research, we focus on countries that are members of the Organization for Economic Cooperation
and Development (OECD).

We use output per worker as a measure of the extent to which countries make use of innovations.
Over the past two decades, OECD countries have tended to grow at very similar rates,
maintaining fairly stable relative productivity levels. This observation is consistent with a world
in which countries draw on a common pool of inventions, with more productive countries taking
advantage of more of these ideas, or else implementing them more quickly. It also suggests that
not a great deal can be learned about growth by relating the growth rates of different countries to
various characteristics. Countries differ much more systematically in their relative income levels
than in their growth rates.

We turn to various measures of research effort to try to get some handle on where innovative
activity occurs. Such data include research expenditure (private or overall) and research
scientists and engineers (private sector or overall). Whichever number one looks at, the message
is that most research is performed in just three countries: the United States, Germany, and Japan.
(France and the United Kingdom follow, not very closely, behind.) Not only do these countries
devote more resources toward R&D in absolute terms, but they also devote a larger fraction of
their resources toward R&D than any but a handful of small, though technically advanced,
countries such as Sweden and Switzerland.

Hence research activity is quite concentrated, but a number of countries that do relatively little
research enjoy high levels of productivity. For example, by most measures, productivity levels in
France and Germany are very similar, but Germany does about twice as much research, both
absolutely and relative to size. Such observations suggest that a large number of countries make
use of innovations from a small number that concentrate on research.
Standard measures can thus give us some insight into who is benefiting from innovations and
who is doing research fairly straightforwardly. Even trickier to determine is inferring whose
innovations countries are tapping. For this purpose we've turned to data on international
patenting.

A feature of the international patenting system is that an inventor, in order to obtain patent
protection in any particular country, has to take out a patent there. Applying for a patent is costly,
and most inventions are patented in only one country. Hence an inventor, in deciding to patent an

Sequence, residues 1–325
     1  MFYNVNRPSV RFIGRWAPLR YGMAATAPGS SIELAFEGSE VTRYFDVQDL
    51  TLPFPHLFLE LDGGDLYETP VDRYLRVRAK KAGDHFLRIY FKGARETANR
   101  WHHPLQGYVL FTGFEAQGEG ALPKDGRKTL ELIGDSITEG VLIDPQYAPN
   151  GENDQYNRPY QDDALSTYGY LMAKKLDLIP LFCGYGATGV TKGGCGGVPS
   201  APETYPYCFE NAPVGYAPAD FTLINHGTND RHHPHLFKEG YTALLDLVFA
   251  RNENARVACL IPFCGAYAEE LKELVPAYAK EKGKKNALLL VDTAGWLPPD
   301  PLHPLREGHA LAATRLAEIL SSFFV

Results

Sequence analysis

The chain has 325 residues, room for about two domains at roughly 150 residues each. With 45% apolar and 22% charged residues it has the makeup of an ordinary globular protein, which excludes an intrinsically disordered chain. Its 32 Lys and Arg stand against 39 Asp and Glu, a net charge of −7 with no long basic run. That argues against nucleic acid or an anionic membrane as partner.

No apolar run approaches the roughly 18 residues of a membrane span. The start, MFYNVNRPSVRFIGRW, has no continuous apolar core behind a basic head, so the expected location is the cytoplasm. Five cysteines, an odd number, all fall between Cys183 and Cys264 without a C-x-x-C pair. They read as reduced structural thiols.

invention in a particular country, is likely to expect that the invention has some chance of being
used there. Observing, for example, the number of patents that French inventors take out in Japan
might tell us something about how much technology is flowing from France to Japan. A French
inventor would have little reason to apply for a patent in Japan unless he or she thought it had a
good shot at being used there sooner or later. Of course other factors would affect the decision as
well, such as the cost of patenting in Japan, the size of the market there, and the quality of
protection that the Japanese patent system provides a French inventor. Inferring the extent of
technology diffusion from the patenting data requires taking these other factors into account.

What patterns in international patenting do we observe? First, countries that put the most
resources into inventive activity do in fact patent most broadly. The United States, Japan, and
Germany dominate patenting by foreigners in other OECD countries. Second, larger countries
are much more popular destinations for patent applications, suggesting that inventors do in fact
find the bother of applying for a patent much more worthwhile when the market in which they
are seeking protection is large. Third, for similar reasons, higher costs of patenting (application
fees, translation costs, and legal fees) tend to deter patenting. (Patenting in Japan is particularly
expensive for foreigners.) Fourth, inventors are more likely to patent an invention at home than
anywhere else. Fifth, inventors are more likely to take out patents in nearby countries rather than
ones far away from their own. Japan, for example, is the largest foreign patenter in the United
States and, after the United States, in Canada. But in many European countries, West Germany
beats out Japan.

The data themselves provide a lot of insight about what is going on. But getting a more precise